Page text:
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Fittipaldi makes a lasting pass for victory in ever-changing Indy Perfect move gives veteran driver 2nd win in 500


INDIANAPOLIS -- At the midway point of yesterday's 77th running of the Indianapolis 500, nothing much seemed to have changed.

Mario Andretti was in the lead, setting himself up for another heartbreak, and Al Unser and Al Unser Jr. were right behind.

It looked like the same old story at the Brickyard.

But then the story line changed. While Andretti, the Unsers and Nigel Mansell were scurrying to the front of the field, Emerson Fittipaldi and his Penske team were implementing a game plan that would work to perfection.

Fittipaldi would put himself in the perfect spot for the perfect pass at the perfect time.

nTC Fittipaldi would win his second Indianapolis 500, with pole sitter Arie Luyendyk and Mansell in second and third, respectively.

And Fittipaldi would give car owner Roger Penske his ninth win over 25 years here.

Just as the Penske team had planned and charted a winning strategy, so did Speedway management.

This was the first Indianapolis 500 on the newly designed 2.5-mile track. The Speedway's plan was to change the design )) and chart a course that would slow the cars, make the race more competitive and safer.

When Fittipaldi won at an average speed of 157.207 mph, he won one of the most competitive -- in terms of cars with a chance to win -- and safest races in 500 history.

Taking the lead on the 185th lap of the 200-lap race, he became the record-setting 12th leader of a race in which 10 cars finished on the lead lap.

Fittipaldi won by 2.862 seconds, the sixth-closest Indy margin.

"I put the power down in the place where I was supposed to put the power down," said Fittipaldi. "For sure, this is the best race of my life and the most important in my career, because of the time of my career and because of the age I have."

He is really in his second career. In his youth, Fittipaldi was a two-time Formula One world driving champion. Now, at 46, he is a two-time Indianapolis 500 champion who spends the morning before the race meditating.

When it mattered, his calm and experience showed.

"I come to Indianapolis to win," said car owner Penske. "And Emerson won it. We persevere and we always come here with the attitude that people have to beat us."

The race was nearing its critical point when Mansell, competing in his first oval race, bolted from third to first on a restart on Lap 175. It put him in position to win, until Lyn St. James' car stalled, bringing out a yellow caution on Lap 184, thus making Mansell a sitting duck.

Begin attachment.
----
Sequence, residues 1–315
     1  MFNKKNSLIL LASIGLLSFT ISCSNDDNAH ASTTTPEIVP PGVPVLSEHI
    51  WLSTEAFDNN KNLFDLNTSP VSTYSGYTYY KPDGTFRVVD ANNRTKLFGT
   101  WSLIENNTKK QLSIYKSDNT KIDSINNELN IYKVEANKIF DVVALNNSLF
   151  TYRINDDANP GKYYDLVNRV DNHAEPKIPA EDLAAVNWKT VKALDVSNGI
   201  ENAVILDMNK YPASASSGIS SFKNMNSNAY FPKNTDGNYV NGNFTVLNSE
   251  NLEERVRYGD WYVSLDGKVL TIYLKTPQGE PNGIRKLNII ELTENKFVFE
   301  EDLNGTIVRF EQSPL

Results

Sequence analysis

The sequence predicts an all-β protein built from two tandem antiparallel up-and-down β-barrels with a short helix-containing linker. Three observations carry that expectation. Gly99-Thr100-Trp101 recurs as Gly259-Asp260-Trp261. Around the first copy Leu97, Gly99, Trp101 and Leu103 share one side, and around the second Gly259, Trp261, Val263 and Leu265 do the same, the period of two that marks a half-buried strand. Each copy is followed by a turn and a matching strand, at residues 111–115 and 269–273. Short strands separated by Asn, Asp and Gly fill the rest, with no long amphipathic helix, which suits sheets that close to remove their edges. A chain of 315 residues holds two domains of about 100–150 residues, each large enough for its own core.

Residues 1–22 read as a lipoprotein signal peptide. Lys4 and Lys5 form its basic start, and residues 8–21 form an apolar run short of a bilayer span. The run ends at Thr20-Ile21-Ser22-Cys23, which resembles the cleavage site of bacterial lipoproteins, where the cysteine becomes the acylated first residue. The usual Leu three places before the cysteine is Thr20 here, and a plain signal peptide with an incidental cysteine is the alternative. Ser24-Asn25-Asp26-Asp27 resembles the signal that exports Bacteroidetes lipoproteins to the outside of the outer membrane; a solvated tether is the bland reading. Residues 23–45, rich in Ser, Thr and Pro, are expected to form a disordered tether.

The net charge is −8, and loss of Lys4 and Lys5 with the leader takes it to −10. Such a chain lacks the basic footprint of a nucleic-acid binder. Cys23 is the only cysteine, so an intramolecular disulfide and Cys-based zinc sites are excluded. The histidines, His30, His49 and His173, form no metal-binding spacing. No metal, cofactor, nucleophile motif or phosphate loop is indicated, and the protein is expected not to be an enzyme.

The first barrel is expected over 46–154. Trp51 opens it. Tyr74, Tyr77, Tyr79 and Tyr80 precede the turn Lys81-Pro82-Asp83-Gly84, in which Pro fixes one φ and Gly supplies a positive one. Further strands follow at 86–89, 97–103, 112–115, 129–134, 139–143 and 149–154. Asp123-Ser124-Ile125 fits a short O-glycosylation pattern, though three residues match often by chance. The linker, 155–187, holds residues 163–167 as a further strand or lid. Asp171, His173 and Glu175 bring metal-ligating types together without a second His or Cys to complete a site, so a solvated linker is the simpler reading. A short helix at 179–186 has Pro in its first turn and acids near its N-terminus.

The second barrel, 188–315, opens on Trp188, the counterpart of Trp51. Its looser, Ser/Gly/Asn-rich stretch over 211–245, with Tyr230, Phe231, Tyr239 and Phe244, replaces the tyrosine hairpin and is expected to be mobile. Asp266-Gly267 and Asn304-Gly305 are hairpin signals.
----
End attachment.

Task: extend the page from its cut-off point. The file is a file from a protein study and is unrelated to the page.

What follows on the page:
"I was a little faster than Nigel out of Turn 4," said Fittipaldi, who was in second, with Luyendyk on his rear bumper, heading into the restart.

"I was worried about being legal, and they were on the gas already for a second or two," Mansell said. "Everybody like cheats on the restart. I'm trying to do it by the rules because I don't want to infringe any rules."

Fittipaldi said: "I was really concerned about Arie. I knew he was coming fast, but I was able to put the power down and I was able to get around Nigel on the outside."

And so was Luyendyk.

And then, it was Fittipaldi who found himself in the so-far unholdable lead, with a restart facing him and five laps left to go.

"Emerson outfoxed us all," said Luyendyk. "He really tricked me. He pulled a very low gear going into Turn 3, forcing me to do the same and, while I was still slowly coming through 3, he geared up very quickly coming out of 4. When I did the same, I got sideways. He got a couple car lengths, and that's all she wrote. At that point, I had no illusions."

No driver was injured in yesterday's 500, and the 33-car field set a record for most cars running at the finish of a complete Indianapolis 500.

But Luyendyk suggested the 500 never will be as much fun as it used to be.

"It was safer," he said. "From that point, it's great. But in terms of competitive excitement for the driver, it wasn't that exciting."

Raul Boesel, who started on the outside of the front row, set the early pace and probably could have won, had it not been for being black flagged twice.

The first penalty came on Lap 23, when officials said he exceeded the 100-mph speed limit on pit road. The second one came on Lap 192, after Boesel had worked his way up to third. He was called for entering the pits when they were officially closed as a caution flag came out.

"I think they took the race away from me," said Boesel, who denied speeding and added the three cars who moved in front of him (Fittipaldi, Luyendyk and Mansell) overtook a slower car under yellow without a penalty call. "In my mind, I won the race."

But when the official results were posted last night, Boesel did not protest


The record nine winners in the Indianapolis 500 for the Penske

Racing team:

Year .. .. .. .. .. Driver

1972 .. .. .. .. .. Mark Donohue

1979 .. .. .. .. .. Rick Mears

.. .. .. .. .. Bobby Unser

1984 .. .. .. .. .. Rick Mears

.. .. .. .. .. Danny Sullivan

.. .. .. .. .. Al Unser Sr.

1988 .. .. .. .. .. Rick Mears

1991 .. .. .. .. .. Rick Mears

.. .. .. .. .. Emerson Fittipaldi

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